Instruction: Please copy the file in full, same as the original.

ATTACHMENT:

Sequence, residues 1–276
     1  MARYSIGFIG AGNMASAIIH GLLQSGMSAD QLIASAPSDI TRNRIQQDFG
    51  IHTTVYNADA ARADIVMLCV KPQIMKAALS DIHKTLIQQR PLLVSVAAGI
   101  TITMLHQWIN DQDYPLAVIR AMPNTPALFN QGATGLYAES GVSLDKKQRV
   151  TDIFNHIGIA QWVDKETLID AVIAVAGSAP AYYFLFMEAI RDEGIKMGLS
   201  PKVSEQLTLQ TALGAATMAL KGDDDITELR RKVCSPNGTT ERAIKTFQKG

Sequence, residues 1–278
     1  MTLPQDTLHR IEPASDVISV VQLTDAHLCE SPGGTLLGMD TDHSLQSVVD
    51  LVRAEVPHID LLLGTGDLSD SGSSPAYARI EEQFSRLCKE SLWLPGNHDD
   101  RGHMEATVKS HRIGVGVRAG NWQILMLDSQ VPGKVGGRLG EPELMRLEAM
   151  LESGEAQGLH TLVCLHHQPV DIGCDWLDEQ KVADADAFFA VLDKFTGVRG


Sequence, residues 1–276
     1  MARYSIGFIG AGNMASAIIH GLLQSGMSAD QLIASAPSDI TRNRIQQDFG
    51  IHTTVYNADA ARADIVMLCV KPQIMKAALS DIHKTLIQQR PLLVSVAAGI
   101  TITMLHQWIN DQDYPLAVIR AMPNTPALFN QGATGLYAES GVSLDKKQRV
   151  TDIFNHIGIA QWVDKETLID AVIAVAGSAP AYYFLFMEAI RDEGIKMGLS
   201  PKVSEQLTLQ TALGAATMAL KGDDDITELR RKVCSPNGTT ERAIKTFQKG

Sequence, residues 1–278
     1  MTLPQDTLHR IEPASDVISV VQLTDAHLCE SPGGTLLGMD TDHSLQSVVD
    51  LVRAEVPHID LLLGTGDLSD SGSSPAYARI EEQFSRLCKE SLWLPGNHDD
   101  RGHMEATVKS HRIGVGVRAG NWQILMLDSQ VPGKVGGRLG EPELMRLEAM
   151  LESGEAQGLH TLVCLHHQPV DIGCDWLDEQ KVADADAFFA VLDKFTGVRG